In an April 29, 2017 executive order, President Trump directed USTR and the Department of Commerce to submit within 180 days a report that reviews trade agreement performance, identifies trade abuses, and pursues trade remedies.
[Reposted from EFF Deeplinks, Link (CC-BY)] Last Friday the United States Trade Representative (USTR) released the 2017 edition of its Special 301 Report [PDF], which the USTR issues each year to “name and shame” other countries that the U.S. claims should be doing more to protect and enforce their copyrights, patents, trademarks, and trade secrets. Most of these demands exceed those countries’ legal obligations, which makes the Special 301 Report an instrument of political rhetoric, rather than a document with any international legal status.
NAFTA dispute panel arbitrators are reported to have issued a decision in the dispute brought by Eli Lilly against the government of Canada, though the decision has not been made public yet. Lilly had alleged that Canada’s patentability requirements had an overly high standard of what was considered ‘useful’, causing it to lose patent cases, and that this had violated NAFTA’s requirement that each country grant patents on inventions that “are new, result from an inventive step and are capable of industrial application.”
Twenty trade associations have written the House and Senate leadership urging Congressional engagement on the trade relationship between the U.S. and India. Their letter identifies intellectual property protection as an “ongoing challenge.” It highlights diplomatic structures where the countries have discussed IP and other issues, then notes that “WTO dispute settlement has played and should continue to play a key role in ensuring that India follows through on its international commitments.”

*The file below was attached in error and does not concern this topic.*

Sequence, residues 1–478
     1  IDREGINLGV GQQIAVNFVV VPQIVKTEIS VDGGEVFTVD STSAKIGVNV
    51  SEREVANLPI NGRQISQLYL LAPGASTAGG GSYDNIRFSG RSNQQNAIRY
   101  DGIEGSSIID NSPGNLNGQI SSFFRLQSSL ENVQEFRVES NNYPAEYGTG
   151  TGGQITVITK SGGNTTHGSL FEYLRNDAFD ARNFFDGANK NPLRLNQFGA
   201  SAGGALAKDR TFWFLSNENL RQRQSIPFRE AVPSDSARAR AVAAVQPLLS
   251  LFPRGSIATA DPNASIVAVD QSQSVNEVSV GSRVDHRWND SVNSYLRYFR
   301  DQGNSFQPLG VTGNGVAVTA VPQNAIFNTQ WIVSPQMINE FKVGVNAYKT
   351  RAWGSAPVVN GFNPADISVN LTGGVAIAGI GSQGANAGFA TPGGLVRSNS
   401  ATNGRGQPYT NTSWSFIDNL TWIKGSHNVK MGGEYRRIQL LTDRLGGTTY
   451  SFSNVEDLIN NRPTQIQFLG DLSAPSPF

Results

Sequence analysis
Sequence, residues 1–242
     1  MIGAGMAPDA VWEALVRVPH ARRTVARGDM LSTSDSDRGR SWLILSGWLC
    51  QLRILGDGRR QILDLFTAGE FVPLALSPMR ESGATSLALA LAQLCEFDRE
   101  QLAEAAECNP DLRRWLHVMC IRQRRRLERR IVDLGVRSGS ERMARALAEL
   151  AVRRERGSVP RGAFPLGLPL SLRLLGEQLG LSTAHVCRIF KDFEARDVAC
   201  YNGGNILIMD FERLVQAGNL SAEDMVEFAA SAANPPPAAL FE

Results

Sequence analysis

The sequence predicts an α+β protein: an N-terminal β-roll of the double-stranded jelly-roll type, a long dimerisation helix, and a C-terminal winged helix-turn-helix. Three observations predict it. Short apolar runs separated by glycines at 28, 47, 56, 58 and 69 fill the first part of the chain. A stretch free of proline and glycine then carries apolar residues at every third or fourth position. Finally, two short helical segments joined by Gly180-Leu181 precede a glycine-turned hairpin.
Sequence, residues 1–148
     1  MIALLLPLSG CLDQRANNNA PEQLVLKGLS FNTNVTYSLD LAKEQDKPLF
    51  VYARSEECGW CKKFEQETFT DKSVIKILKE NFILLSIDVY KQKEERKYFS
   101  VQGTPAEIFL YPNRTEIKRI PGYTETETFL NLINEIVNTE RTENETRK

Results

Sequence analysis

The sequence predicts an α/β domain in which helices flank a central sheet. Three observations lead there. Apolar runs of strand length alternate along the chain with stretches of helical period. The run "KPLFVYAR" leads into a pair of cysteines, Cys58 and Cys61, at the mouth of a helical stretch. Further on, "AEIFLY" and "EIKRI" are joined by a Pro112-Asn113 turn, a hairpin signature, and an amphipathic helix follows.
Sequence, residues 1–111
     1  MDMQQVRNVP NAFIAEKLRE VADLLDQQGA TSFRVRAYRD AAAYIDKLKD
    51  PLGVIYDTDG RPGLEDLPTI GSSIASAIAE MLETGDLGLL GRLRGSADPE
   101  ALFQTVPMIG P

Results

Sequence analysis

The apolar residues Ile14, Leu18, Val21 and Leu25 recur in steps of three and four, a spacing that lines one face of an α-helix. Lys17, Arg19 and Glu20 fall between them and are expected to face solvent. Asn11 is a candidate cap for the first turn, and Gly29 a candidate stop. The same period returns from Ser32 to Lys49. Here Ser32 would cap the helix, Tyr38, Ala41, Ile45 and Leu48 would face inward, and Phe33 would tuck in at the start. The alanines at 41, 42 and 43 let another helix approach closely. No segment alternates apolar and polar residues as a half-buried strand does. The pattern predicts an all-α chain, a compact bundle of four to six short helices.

The U.S. Trade Representative has requested comments for the 2017 Special 301 Report, in which it lists countries that it alleges “deny adequate and effective protection of intellectual property rights (IPR) or deny fair and equitable market access to U.S. persons who rely on intellectual property protection.” The content is based on written comments (mostly those submitted IP owners and business associations), testimony at a hearing, and on consultations with other governmental departments.
Any interested party may submit comments, and any interested party may testify at the open hearing. The deadline for submissions and requests to testify is February 9; the hearing is February 28; and the Special 301 Report will be released “On or about April 30.” See the Federal Register notice for further details and submission instructions.
Last week, the government of Antigua and Barbuda announced to the WTO Dispute Settlement Body (DSB) that it will move forward with the “suspension of copyright on the sale of U.S. intellectual property” by the end of the year if the U.S. does not comply with the DSB’s findings in the long-running dispute regarding online gambling.
Twelve years ago, the DSB found that the United States violates the WTO’s General Agreement on Trade in Services by discriminating against foreign providers of online gambling services. It found that various federal and state level laws forbade Antiguan firms from offering online gambling services comparable to services offered by domestic firms. The DSB ordered the United States to pay $21 million in annual compensation to Antigua and Barbuda until its laws were brought into compliance with GATS. Furthermore, it permitted cross-sector retaliation by Antigua and Barbuda in the event that the United States did not comply with the DSB’s findings.